Building an open source platform for crowdsourced open data sharing

In this episode, we interviewed Bastian Greshake, PhD student in Applied Bioinformatics at the University of Frankfurt am Main, in Germany.

If you are a researcher in a field somehow related to genetics, you might have already used OpenSNP to explore SNPs (Single Nucleotide Polymorphisms) in an open dataset. In that case, you probably already know Bastian and his work. Bastian started working on OpenSNP, a platform which allows users to upload their genotyping data and make it available to the community. The platform also allows users to share their phenotypes in order to help scientists discover new genetic associations. It also automatically gets the latest open access articles about genetic variations to inform users and researchers about SNPs.

OpenSNPfeatures

Bastian explained how to start an open source project, the issues related to these kind of projects. We also explored how to get more users for an open source project without any advertising budget, and how to get more contributors to help you develop a similar project. In the second part, Bastian helped us understand the issues related with sharing open data results with the community and how himself and his team are protecting themselves against any legal risks by ensuring that users clearly know what they are putting themselves into when using the platform.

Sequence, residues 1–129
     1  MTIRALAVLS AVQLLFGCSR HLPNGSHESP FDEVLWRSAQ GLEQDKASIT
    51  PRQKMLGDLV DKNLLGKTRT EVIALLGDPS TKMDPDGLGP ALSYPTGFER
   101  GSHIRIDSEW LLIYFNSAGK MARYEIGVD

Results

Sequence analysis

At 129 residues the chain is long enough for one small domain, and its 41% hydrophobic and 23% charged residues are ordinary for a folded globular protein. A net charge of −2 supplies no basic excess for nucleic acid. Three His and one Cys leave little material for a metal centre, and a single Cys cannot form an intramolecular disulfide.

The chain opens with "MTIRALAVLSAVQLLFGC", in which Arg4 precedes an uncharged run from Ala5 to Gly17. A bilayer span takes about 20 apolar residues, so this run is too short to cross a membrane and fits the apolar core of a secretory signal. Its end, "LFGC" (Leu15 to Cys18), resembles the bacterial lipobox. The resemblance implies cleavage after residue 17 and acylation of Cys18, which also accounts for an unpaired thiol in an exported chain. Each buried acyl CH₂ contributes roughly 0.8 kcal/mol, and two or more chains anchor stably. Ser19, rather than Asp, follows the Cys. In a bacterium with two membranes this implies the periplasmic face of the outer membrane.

A very clear paper explaining most of the elements we discussed during this podcast episode was written by Bastian and his co-authors, the paper was published (obviously open access) in the journal PLOS ONE and is a highly recommended read by the ColperScience team for anyone interested by working around open source or open data in research. The survey amongst the openSNP users that is referred to during the episode can also be found there.

If you have any questions or remarks, please post a comment at the bottom of this page, or contact us directly through Twitter. Thanks for listening !

Bonus !

Bastian talks about gamification and how it could help certain projects involving massive data.

References